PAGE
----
Through extremely creative measures to ensure Martin Short can sell the physicality of a prepubescent boy on screen, “Clifford” is one of the former SNL performer’s best and memorable roles amongst his arsenal of personalities.  The naughtily tormenting persona with a Devil’s grin and absent eyes for sympathy brings Clifford to a level that’s analogous to a fixated horror villain setting a target goal of destruction, mayhem, and chaos. No one is safe from Clifford’s duplicitous trajectory, not even Uncle Martin played by the late, great Charles Grodin (“Midnight Run”) who provides his standard uptight and exasperated character at first but slides into a sinister nihilism when push beyond the point of return. Short and Grodin are centric to the story, phenomenal dynamically, and funny at very second despite how antiquated the content and comedy is at 30 years old. Seeing Short play a little boy doesn’t even register he’s a grown man in an adolescent role and that’s how good Martin Short can massage the material in his favor. You see Short, you see he’s a kid amongst the rest of the cast, you see his childish exploits, and, yet, none of that is troublesome, bothersome, or even a tiny bit weird as you’re drawn into an overexaggerating, yet highly relatable, parenting hardships in negotiating with out of control, scheming children and the pure, unabashed wackiness of Martin Short who, in my mind’s eye, is essentially in a step-down version of his iconic Ed Grimley personality. Bringing down Short’s antics and Grodin’s disgruntled demeanor is the measured Mary Steenburger (“Back to the Future III, “Powder”) subduing, in a good way, audiences as Uncle Martin’s lowkey love interest to bring us down from the eccentric shenanigans. The casting is overall tight on those three leads but Dabney Coleman (“Dragnet”) becomes the sleazy bigwig wedging between his employee, Uncle Martin, and Martin’s girlfriend, Richard Kind (“Stargate”) searching for patient with his insufferable Clifford, Jennifer Salvidge (“Evolution”) as Clifford’s yielding, but equally as exhausted, Clifford’s mother, and “Little Monster’s” Ben Savage as a troubled youth set to follow Clifford’s footprints.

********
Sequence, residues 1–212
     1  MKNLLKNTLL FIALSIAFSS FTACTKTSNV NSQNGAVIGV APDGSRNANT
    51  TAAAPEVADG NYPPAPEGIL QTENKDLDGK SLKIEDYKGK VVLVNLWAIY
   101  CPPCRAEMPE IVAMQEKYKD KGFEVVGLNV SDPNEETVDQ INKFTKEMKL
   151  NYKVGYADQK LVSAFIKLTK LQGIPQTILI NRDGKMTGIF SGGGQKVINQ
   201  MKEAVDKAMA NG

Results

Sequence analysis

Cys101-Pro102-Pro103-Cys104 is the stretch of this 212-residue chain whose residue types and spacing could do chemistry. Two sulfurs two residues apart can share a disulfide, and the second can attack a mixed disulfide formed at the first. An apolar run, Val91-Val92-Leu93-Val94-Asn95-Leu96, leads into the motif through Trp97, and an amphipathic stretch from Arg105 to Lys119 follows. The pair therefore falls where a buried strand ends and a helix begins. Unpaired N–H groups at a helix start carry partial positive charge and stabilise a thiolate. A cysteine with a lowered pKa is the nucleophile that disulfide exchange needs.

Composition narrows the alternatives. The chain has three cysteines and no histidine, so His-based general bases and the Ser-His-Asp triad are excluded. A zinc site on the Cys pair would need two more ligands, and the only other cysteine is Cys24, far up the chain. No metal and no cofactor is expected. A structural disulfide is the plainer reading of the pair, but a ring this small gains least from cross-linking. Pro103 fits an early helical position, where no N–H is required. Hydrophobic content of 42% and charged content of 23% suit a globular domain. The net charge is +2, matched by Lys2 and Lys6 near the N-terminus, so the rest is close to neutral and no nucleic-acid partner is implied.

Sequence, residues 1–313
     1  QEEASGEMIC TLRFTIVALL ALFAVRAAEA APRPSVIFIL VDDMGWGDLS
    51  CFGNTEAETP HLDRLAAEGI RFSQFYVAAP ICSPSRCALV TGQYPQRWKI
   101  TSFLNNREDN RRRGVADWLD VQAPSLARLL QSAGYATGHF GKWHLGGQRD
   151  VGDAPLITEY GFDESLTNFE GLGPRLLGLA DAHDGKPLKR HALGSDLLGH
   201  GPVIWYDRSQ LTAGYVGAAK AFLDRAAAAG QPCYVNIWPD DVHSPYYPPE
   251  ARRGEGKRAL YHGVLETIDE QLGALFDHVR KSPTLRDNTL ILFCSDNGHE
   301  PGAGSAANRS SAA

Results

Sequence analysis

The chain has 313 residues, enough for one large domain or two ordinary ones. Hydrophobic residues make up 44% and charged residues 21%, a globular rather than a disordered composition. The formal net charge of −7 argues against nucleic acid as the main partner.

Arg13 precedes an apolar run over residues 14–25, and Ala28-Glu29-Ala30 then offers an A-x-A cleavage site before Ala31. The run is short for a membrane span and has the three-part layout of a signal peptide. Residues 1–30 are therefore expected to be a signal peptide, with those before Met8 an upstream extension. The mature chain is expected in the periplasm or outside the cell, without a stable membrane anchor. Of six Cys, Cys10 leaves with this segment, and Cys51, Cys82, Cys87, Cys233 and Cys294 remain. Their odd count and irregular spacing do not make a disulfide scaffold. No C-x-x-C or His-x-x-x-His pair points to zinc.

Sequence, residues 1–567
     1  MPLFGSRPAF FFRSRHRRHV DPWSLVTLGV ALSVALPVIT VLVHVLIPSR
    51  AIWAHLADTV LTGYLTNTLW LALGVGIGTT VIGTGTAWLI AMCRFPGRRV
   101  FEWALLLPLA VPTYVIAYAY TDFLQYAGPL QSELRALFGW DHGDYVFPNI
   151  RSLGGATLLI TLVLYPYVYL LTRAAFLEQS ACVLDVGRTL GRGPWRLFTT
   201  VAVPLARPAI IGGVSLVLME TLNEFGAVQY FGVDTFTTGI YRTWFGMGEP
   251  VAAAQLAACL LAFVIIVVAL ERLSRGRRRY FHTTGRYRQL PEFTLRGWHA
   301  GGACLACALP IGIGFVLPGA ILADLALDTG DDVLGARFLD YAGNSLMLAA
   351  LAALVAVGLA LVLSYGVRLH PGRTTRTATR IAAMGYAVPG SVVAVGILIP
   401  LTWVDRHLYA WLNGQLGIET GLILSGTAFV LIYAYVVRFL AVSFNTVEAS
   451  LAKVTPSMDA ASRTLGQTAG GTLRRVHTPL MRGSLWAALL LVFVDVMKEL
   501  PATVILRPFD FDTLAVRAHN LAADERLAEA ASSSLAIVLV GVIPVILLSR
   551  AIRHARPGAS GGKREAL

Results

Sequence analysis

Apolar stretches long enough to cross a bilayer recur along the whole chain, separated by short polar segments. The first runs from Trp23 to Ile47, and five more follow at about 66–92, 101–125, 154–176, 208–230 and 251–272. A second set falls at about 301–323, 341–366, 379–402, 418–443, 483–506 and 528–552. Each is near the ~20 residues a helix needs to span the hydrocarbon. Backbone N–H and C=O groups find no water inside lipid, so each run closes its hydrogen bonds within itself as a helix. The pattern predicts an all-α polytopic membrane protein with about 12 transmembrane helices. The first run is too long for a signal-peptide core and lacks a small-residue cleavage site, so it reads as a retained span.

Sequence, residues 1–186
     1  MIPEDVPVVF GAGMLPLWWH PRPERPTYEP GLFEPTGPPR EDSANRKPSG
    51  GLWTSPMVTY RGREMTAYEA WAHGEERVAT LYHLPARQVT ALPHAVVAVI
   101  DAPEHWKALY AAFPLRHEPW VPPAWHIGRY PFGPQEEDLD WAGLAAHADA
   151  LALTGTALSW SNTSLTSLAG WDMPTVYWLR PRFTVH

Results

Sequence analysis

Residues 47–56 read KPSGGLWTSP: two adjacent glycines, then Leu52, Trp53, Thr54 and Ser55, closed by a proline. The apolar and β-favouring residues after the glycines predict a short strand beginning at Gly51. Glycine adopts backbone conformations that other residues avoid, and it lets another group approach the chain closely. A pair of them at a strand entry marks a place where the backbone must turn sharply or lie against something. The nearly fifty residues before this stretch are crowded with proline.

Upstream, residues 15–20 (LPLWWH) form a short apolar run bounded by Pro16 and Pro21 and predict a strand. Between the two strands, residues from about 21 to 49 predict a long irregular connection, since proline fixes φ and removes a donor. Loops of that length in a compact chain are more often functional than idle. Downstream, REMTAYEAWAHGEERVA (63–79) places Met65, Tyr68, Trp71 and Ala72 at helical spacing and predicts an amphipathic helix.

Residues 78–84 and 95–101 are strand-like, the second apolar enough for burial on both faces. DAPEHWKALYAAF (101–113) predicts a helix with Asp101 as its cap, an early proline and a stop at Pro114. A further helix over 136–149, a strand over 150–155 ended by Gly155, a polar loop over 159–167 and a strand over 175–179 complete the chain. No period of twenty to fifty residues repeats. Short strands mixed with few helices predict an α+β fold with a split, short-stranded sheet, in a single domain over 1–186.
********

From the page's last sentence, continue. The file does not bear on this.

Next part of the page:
How does “Clifford” hold up to today’s comedies? Rated PG, the 1994 film lacks the big hitting criteria that ultimately slaps stricter rating labels right onto the trailer and home video covers, that ultimately bring in audiences with sex, violence, and harsh language, but “Clifford” isn’t a kids’ film per se and subtly lands more adult oriented and sexually suggestive one-liners and scenes that wouldn’t fly by today’s standards. In fact, I personally believe the entire production would have been scrubbed if the first casting choice for a young boy was a 40-year-old man. Movies like “Clifford” are relics that should be treasured because we’ll never see comedy like this again and that’s what makes “Clifford” a part of cult cinema. “Clifford” doesn’t need itemized fixings to be a great story and to possess substance to be a phenomenal film. Instead, the idiosyncrasies of the plot and the singularity of talent glue the first draft of the inane script together in its finished product, rewinding that chunky gray and white brain matter and the bits of skin, tissue, and tufts of hair back into and onto the head after having its top blown thinking, how the hell do we pull off this script? The first two acts are character building and about the dynamics of two conflicting temperaments that ensue a series of tit-for-tat jail landing pranks and a slew of grating and passive insults, suggesting a character-driven, quirky slapstick story of growth and understanding between the two sides. However, the third act shows another, unexpected side of “Clifford” that revels in Uncle Martin’s vindictiveness after having his mind and spirit broken by a child’s chastising for breaking a promise and Flaherty goes big and berserk with the Larry the Scary Rex rollercoaster (which looks amazing to ride to this date) to which the calamity of events culminates an epiphany for one of them, abetted by the fact a run amok mechanical dinosaur nearly chomped down on a human-sized snack.

“Clifford’s” mischief and mayhem in hi-def never before has looked so good on this new U.S. release Blu-ray from Ronin Flix in association with Scorpion Releasing and MGM. The region A, 90-minute release is presented in 1080p and in an anamorphic widescreen, 1.85:1 aspect ratio, and much like the Blu-ray’s front cover of blown-up headshot closeups of Martin Short and Charles Grodin and a crumbling two-story home that’s not a component in the film, the picture quality also appears to be a bit stretched, leaving details slightly scattered and marginally pixelated. The transfer print is without a doubt clean and discernable but retains the original, untouched up MGM anterior. The English language DTS-HD Master Audio 2.0 is the only audio option that provides a good mix and balance of dialogue, chaos, and everything else in between to come together for a gratifying dual channel audio alloy. In extreme instances of bickering, high level pranking, and even the clamorous and deep dino-discharging climax, much of the details remain intact and clear without losing distinctiveness. The Ronin Flix Blu-ray is a feature only release with no software or hardware bonus content. With or without bonus features, the film itself is worth the cinematic calories as “Clifford” shines as arresting tale full of laughs, heart, and anarchy and is a hellraising life-amenity that shouldn’t be lived without.

“Clifford” is the Best Comedy of 1994 and Now on Blu-ray!